Protocols can describe low-level details of machine-to-machine interfaces
(e.g., the order in which bits and bytes are sent across a wire) or high-level
exchanges between allocation programs (e.g., the way in which two programs
transfer a file across the Internet). Standard protocols allow computers
from different manufacturers to communicate.

file-transfer protocol – a method of transferring
one or more files from one computer to another on a network or phone line
(e.g., the most commonly used dial-up protocols are xmodem, ymodem, zmodem
and Kermit). The Internet has its own file-transfer protocol, called FTP,
to transfer both binary and ASCII files, among computers on the Internet.

Anonymous FTP, also known as ‘anon FTP’
is a service provided to make files available to the general Internet
community (i.e., software and information files are stored on “anonymous”
FTP servers to which there is public access and the login is anonymous).

http – hypertext transport protocol –
the communications protocol used by WWW servers and client systems to
identify sources of information and transfer the files containing html-based
multimedia objects.

IP – Internet Protocol – the most important
of the protocols on which the Internet is based; it provides for the routing
of packets of data over multiple networks on their way to their final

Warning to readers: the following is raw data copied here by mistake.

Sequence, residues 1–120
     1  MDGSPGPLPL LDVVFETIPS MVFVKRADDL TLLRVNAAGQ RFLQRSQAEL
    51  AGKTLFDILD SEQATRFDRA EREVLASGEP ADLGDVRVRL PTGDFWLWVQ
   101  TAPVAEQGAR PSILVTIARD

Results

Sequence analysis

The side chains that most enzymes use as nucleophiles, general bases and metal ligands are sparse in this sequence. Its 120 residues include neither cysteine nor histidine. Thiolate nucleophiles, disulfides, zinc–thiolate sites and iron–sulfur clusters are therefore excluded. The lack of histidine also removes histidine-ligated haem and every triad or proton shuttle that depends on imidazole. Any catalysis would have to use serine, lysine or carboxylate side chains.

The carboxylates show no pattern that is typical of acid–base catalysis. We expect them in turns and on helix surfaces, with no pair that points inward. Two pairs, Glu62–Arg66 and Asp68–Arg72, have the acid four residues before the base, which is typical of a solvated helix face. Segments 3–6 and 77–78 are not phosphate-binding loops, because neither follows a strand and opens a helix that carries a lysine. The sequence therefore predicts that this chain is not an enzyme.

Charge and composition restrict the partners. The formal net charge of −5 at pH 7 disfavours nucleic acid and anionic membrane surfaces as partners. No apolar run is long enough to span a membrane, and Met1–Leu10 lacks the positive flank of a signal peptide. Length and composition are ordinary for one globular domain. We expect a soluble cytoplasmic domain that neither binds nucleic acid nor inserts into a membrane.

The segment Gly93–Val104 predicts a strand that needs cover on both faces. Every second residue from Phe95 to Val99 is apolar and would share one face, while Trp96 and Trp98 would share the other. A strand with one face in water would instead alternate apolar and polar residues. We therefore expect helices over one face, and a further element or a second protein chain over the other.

destination.

TCP/IP – Transfer or Transmission Control
Protocol/Internet Protocol – one of the protocols on which the Internet
is based, it allows networks to communicate with each other on the Internet.
It supports such services as remote login (telnet), file transfer (FTP)
and mail (SMTP).

Telnet a terminal emulation protocol
that allows the user to log in to one computer on the Internet by accessing
it from another. Once logged in, it is as if the user’s keyboard is connected
directly to that remote computer, allowing the user to access the services
(e.g., online library services or data-bases) of the remote computer.
This command line is rapidly being replaced by graphical user interfaces
(GUIs) such as Mosaic and Netscape.

PSTN (Public Switched Telephone Network) – the public telephone network.

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Radio technology used for telecommunications
and broadcast services. Used for radio waves in frequencies that are distinct
from those assigned to microwave services.

RANs (Rural Area Networks) – as conceptualized
by the U.S. Congress, Office of Technology Assessment, RANs would be shared-usage
networks, configured to include a wide range of users in rural communities
such as educational, health, and business entities.

Receive site – in distance education,
a place where a student or students participate in instruction that is
originated in a geographically separate location.

RF – stands for radio frequency. Radio
frequencies are electromagnetic signals which range from microwave to
radio in length.

Routing – The assignment of a communication
path by which a telephone call will reach its destination.

Rural Radio Service – the use of certain
frequencies, distinct from those in microwave toll service, used to provide
wireless telephony in rural areas. It can support the transmission of
both analog and digital signals. It provides short-haul telecommunications,
and requires different power, transmission, and reception capabilities
and devices.